Key trades reboot the pennant races

As the clock struck four on Sunday afternoon, the rumors stopped. The keyboard clacking became a little less frantic. The telecommunications fog lifted from each clubhouse in the major leagues.

And we were left with the best part of any baseball season: the pennant race.

I love trade news as much as anyone else. But I’m quite pleased to point out that the games take precedence from now until October. With that in mind, this week’s Behind the Seams is devoted to how the deadline dealings affected each divisional race.



No deals in the Bronx? Really? Did Brian Cashman lose his cell phone?

The New York Yankees are running second behind the Boston Red Sox in baseball’s most competitive division, and yet they did not consummate any major-league trades in July.

I picked the Yankees to win the American League, in part because I expected Cashman to upgrade the pitching staff at precisely this point in the season. It’s shocking that he didn’t. Whatever it would have taken to acquire Ubaldo Jimenez, Wandy Rodriguez or Doug Fister, he wasn’t willing to pay it.

Clearly, Cashman thinks highly of the organization’s top prospects: pitchers Ivan Nova, Manny Banuelos, Dellin Betances and Adam Warren, along with catcher Jesus Montero. Nova has shown that he has the goods to compete in the AL East. We’ll see about the others.

Cashman has his reasons for not making a deal. Since he’s won multiple World Series, I will give him the benefit of the doubt. But right now, the Yankees’ postseason rotation seems destined to include CC Sabathia and others who are either unreliable (A.J. Burnett/Phil Hughes) or injury risks (Bartolo Colon/Freddy Garcia).

In other words: On Opening Day 2012, Joe Girardi still will wear No. 28.

Of course, the Red Sox didn’t exactly have a Trade Deadline Laser Show. They acquired the oft-injured starter Erik Bedard from the Mariners and added utility man Mike Aviles in a deal with Kansas City.

With Clay Buchholz on the disabled list and Bobby Jenks a non-factor, I thought the Sox needed to do more with their rotation and bullpen. But if Buchholz returns at full strength in August, then Boston is well-positioned to win this division.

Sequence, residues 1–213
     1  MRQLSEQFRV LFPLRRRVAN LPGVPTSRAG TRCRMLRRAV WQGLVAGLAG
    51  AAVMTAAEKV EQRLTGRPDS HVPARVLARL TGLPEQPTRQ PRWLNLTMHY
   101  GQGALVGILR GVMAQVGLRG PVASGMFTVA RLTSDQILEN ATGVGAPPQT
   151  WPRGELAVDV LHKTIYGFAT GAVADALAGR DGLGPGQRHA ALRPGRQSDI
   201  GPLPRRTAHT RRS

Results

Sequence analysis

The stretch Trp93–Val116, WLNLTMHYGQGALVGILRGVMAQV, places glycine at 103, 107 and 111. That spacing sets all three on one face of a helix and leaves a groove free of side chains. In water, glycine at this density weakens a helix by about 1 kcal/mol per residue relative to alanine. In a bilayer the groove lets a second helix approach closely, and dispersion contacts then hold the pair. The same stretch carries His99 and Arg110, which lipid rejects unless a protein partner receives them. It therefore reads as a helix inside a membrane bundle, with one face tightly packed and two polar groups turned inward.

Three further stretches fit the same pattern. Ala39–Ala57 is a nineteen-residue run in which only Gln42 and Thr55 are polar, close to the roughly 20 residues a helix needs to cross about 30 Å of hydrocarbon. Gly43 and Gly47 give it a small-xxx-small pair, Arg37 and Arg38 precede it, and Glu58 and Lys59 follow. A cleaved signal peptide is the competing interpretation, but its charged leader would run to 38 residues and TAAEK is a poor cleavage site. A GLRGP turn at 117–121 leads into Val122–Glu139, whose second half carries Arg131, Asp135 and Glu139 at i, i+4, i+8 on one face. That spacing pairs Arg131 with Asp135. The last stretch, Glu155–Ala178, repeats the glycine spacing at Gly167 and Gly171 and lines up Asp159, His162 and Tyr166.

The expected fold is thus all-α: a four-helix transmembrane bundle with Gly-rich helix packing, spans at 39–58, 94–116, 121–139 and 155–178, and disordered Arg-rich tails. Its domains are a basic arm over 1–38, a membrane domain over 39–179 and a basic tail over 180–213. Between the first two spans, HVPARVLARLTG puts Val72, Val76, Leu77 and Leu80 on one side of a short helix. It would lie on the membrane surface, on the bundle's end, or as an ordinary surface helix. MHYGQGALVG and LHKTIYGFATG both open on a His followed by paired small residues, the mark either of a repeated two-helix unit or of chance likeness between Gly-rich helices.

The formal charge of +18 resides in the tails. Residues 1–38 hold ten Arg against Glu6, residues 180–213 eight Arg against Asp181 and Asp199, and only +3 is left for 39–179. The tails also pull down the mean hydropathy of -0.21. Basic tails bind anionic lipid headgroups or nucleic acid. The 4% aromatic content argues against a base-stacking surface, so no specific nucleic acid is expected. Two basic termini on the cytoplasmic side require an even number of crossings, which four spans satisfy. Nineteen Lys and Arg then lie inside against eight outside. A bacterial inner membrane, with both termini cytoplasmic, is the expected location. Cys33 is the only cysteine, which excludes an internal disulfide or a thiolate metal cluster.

Meanwhile, the Rays kept B.J. Upton and James Shields.

That means two things: 1) They still have a negligible chance to win the division; and 2) there will be no shortage of Upton and Shields trade rumors in November and December.



Detroit traded for Fister. Cleveland traded for Jimenez. The division race may be decided by which of them performs better during the season’s final two months.

While Jimenez has the bigger name, Fister actually has been more effective this season. He has an ERA+ of 111, compared to 101 for Jimenez. We know that Jimenez has better stuff than Fister. But Fister is having the better year — so far.

Jimenez has been (and can be) a true No. 1 starter, which the Indians have lacked. In fact, Cleveland has the worst rotation ERA of any AL contender. If the Indians wanted to make a serious run at the division title, it was imperative that first-year GM Chris Antonetti acquire a top-end starter.

He did, albeit at a high cost, and now Cleveland has a chance against a more talented Detroit team.

The White Sox, meanwhile, traded away Edwin Jackson and Mark Teahen in the name of saving money. That’s a perfectly legitimate reason, but it won’t help them win the division. If Phil Humber continues his second-half fade, it’s doubtful that Chicago will be able to keep up with the Tigers and Indians.



The Rangers added two power arms to their bullpen. The Angels did nothing. Pretty much sums it up, doesn’t it?